The Professor’s Daughter

Created by: Joann Sfar

ISBN: 159643130X (Amazon)

Pages: 80

The Professor’s Daughter

I don’t often review comedies for the simple reason that I have a ridiculously hard time trying to figure out what to say about them. I might be able to explore an interesting path if a comedy tries to use its sense of humour to disarm or ratify some idea or other, but apart from that I’m left with little to do but express whether I found its humour to be worth my time. Critiquing books whose aim is little higher than simply providing the reader with a brief period of entertainment is a task I find entirely daunting.

The Professor's Daughter by Joann Sfar and Emmanuel Guibert

Not that there’s anything wrong with point-blank entertainment. I mean, I practically adore the stuff. It’s just… there’s only so many times you can say “I laughed my socks off” before it all starts to sound a bit hollow. And maybe that’s a good place to start.

While reading The Professor’s Daughter, my clothing remained perfectly disheveled—exactly its state before I cracked its cover. No article of clothing moved in any particular direction due the influence of Sfar and Guibert’s slim book. In fact, I may not have ever laughed once.

The Professor's Daughter by Joann Sfar and Emmanuel Guibert

Which is not to say The Professor’s Daughter wasn’t either enjoyable or entertaining—it was both. This ranging tale of a mummy and his slight romance with the titular daughter of the titular professor isn’t probably meant to be a generator of guffaws. Or even chortles, snickers, giggles, or smirks. It’s more just an amusing kind of absurdity. One may be permitted to smile occasionally while reading, but shouldn’t probably expect anything more exaggerated than an inner feeling of goodwill and something on the less expensive side of cheer.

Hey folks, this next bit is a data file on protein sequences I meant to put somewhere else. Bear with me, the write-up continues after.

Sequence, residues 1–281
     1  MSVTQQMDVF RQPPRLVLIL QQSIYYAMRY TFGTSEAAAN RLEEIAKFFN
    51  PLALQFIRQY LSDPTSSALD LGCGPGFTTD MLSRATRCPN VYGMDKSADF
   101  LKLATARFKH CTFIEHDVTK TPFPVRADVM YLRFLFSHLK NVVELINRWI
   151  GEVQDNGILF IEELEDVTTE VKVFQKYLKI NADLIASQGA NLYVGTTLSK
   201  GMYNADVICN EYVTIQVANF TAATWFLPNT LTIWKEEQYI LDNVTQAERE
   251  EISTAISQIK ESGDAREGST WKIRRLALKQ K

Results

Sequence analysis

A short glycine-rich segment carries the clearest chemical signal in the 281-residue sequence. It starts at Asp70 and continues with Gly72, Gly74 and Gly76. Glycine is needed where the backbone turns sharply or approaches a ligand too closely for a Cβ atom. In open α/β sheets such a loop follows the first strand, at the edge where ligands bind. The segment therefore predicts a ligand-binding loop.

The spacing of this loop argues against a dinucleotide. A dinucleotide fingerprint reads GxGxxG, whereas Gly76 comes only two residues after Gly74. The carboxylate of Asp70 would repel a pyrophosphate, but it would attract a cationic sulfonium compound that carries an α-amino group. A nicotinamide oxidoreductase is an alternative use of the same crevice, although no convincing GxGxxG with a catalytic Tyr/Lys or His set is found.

When I describe The Professor’s Daughter as absurd, I don’t mean that in any deeply fractured fashion. Imhotep IV, the mummy, doesn’t answer the phone only to turn into a banana and ride off on the shoulders of an infant Hitler while your face melts and reforges twelvety-four piñata sauce Michael. More, it’s just madcap shenanigans built off a dialogical verve that one would find at home in Kathryn and Stuart Immonen’s Never as Bad as You Think (and somewhat present in Moving Pictures). What a friend of mine would mistakenly call “random.”

The Professor's Daughter by Joann Sfar and Emmanuel GuibertThat right there is Queen Victoria

Fortunately, it all works pretty well and even despite all the death and mayhem, the average reader will probably come away in high spirits. Or at least spirits that are not unduly tarnished.


Good Ok Bad features reviews of comics, graphic novels, manga, et cetera using a rare and auspicious three-star rating system. Point systems are notoriously fiddly, so here it's been pared down to three simple possibilities:

3 Stars = Good
2 Stars = Ok
1 Star = Bad

I am Seth T. Hahne and these are my reviews.

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